Alice loses herself in grief and can’t find her way back.
In 1954, twenty-six-year-old Alice Patterson undergoes a pregnancy loss that affects everything and everyone she touches. Emotionally and physically drained, she must come to terms with her traumatic loss or risk losing her husband, her best friend, and her sanity.
Her best friend JayNell and her husband Paul offer Alice support and comfort. She persists in her grieving, which hinders her healing. The doctor advises there is no normal recovery period for what Alice has undergone. Time is her best ally.
In her small southern Mississippi town, her church Sewing Circle’s new project triggers an unsettling setback to Alice’s recovery. Afterward, she succumbs to suspicions of Paul’s infidelity that causes her collapse, from which she may not recover.
Paul’s unspoken goal is that they will recapture the love they held for one another on their wedding day. He’s hopeful that the approaching spring season will bring a reawakening of the Alice he married, as it brings a newness to all living things.
Answer this question for a chance to receive a free ecopy of Jo’s book:
Paul hopes spring will bring a reawakening of his and Alice’s marriage. What does spring mean to you?
About the author: Jo Huddleston is a multi-published author who writes novels inspired by her fascination with the 1950s and her love of her native American South. Novels in her endearing Caney Creek series, her West Virginia Mountains series, as well as her stand-alone release, Tidewater Summer,are sweet Southern romance novels. She is a member of American Christian Fiction Writers and the Literary Hall of Fame at Lincoln Memorial University (TN). Visit Jo at her website (www.johuddleston.com) where you can sign up for her mailing list and read the first chapters of her novels and novellas.
Where to purchase Jo’s novel:
Where to find Jo on the web:
Website and blog (Read novel first chapters here): http://www.johuddleston.com
Sign up for Jo’s mailing list: http://bit.ly/1ZFaZwG
Amazon author page: http://amzn.to/2cfSroU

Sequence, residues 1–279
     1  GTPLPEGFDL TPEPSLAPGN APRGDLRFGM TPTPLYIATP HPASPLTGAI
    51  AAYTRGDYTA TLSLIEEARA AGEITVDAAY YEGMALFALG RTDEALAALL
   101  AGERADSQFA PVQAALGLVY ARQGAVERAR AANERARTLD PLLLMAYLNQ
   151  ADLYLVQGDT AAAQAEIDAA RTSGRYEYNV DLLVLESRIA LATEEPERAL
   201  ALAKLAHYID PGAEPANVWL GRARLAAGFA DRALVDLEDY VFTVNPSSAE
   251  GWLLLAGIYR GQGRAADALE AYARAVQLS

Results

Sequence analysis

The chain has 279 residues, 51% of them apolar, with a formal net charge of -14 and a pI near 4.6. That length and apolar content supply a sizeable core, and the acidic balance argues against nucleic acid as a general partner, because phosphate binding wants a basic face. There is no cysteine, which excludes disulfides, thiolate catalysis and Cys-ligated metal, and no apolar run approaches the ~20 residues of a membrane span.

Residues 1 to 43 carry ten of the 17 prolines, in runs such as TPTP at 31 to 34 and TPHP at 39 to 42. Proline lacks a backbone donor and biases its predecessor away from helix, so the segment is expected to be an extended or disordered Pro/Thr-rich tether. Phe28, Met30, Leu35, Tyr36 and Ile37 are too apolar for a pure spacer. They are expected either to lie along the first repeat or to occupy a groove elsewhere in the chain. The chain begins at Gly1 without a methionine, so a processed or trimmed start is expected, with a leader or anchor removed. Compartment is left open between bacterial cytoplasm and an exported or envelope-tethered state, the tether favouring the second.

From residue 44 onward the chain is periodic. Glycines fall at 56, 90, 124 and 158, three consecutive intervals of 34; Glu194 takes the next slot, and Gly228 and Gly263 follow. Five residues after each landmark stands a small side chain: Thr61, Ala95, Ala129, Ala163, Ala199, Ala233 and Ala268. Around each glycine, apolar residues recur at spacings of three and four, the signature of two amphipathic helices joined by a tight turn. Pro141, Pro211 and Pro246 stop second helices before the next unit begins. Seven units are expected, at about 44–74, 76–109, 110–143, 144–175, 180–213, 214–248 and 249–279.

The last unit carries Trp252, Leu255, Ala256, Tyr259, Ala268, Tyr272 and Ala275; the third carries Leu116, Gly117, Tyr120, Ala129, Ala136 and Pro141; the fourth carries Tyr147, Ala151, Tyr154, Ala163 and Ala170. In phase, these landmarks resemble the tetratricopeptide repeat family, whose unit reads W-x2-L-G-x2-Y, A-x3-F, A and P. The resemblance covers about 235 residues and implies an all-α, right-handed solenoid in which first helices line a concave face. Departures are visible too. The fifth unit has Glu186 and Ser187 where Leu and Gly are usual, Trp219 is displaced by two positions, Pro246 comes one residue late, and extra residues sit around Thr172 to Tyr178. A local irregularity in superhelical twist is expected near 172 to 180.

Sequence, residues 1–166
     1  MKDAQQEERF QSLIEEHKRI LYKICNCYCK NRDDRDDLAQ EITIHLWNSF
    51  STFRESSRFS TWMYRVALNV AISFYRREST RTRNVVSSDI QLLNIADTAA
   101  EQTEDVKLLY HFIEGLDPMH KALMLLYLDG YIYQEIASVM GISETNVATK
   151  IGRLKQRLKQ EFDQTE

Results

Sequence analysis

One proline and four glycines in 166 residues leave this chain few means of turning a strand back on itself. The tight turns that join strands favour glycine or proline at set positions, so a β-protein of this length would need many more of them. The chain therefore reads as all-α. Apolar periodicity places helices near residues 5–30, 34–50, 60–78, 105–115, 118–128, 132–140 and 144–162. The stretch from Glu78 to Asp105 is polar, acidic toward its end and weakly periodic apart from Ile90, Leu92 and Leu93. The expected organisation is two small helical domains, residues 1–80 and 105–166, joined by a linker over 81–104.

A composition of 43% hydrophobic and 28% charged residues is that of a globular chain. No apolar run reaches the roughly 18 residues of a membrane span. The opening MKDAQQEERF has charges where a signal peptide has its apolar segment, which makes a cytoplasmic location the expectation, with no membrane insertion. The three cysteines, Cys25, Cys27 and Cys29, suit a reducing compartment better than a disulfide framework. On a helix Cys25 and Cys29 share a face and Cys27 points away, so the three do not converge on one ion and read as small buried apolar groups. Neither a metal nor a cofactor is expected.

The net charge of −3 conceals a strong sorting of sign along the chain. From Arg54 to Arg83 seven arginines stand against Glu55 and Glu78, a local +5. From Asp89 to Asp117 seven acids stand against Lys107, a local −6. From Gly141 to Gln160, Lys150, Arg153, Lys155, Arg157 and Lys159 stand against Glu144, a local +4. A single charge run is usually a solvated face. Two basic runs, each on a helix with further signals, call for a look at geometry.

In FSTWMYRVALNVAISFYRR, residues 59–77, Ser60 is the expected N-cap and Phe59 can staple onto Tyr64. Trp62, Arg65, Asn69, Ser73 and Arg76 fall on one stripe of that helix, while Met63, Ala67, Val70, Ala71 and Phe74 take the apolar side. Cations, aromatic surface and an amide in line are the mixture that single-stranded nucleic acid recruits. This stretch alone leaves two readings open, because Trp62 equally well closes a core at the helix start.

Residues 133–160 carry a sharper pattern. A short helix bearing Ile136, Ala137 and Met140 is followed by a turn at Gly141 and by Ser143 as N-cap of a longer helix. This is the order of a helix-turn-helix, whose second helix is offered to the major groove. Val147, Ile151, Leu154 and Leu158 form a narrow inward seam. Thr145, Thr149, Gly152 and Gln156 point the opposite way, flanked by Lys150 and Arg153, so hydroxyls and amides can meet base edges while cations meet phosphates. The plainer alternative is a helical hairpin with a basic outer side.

Facebook author page: http://bit.ly/2aqFEeT
Facebook personal page: http://on.fb.me/1Ubic69
Inspirational blog: http://bit.ly/2gttKVr
BookBub Profile: http://bit.ly/2liB0G3
Excerpt from Unraveled:
Tuesday, March 2, 1954—Talasia, Mississippi
Alice Patterson bolted upright in the bed and listened for what had awakened her. She heard nothing out of the ordinary. Only the hushed, even snores from her husband Paul’s side of the bed. The black hole in her recurring nightmares must have invaded her subliminal mind—again. She had awakened before she sank into its depths. Paul still slept. Obviously, she hadn’t screamed out this time.
She eased from beneath the covers, pushed her feet into house slippers, and grabbed her pink terry cloth robe lying across the foot of the bed. After stepping into the hall and pulling the door shut, she stuffed her arms into her robe and tied the sash around her waist. She knew her house, even in the night, and walked to the darkened bedroom next to hers and Paul’s.
Pale light from the street lamp outside huddled beyond the curtains covering the lone window. Standing in the middle of the room, she peered toward the baby bed, then her gaze focused on the rocking chair with the golden cushions padding its back and seat. She went to the small chest placed against the wall across the room and opened the music box sitting atop it. The tiny box played its shrill rendition of “Brahms’ Lullaby.”
Alice sat in the rocking chair and idly moved it with one foot grazing the hardwood floor, her arms empty. She remained there even after the music box played its last note. Blinding light burst from the hall and pierced the darkness of the room to reveal the baby bed. Empty.
Paul’s voice reached her through the night. “You all right?”
Would she ever be all right again? She turned toward the open door where her husband’s silhouette stood in dark contrast to the brightness behind him. “I couldn’t sleep.”
“It’ll be daylight soon. Come on back to bed. If you can’t sleep, at least you can rest your body. You need to conserve your energy to help regain your strength.”
Paul repeated what Dr. Stallings had told her before he released her from the hospital ten days ago. But what did she need her strength for? She no longer carried the baby they’d both dreamed of. Her body was now empty like her arms and the baby bed.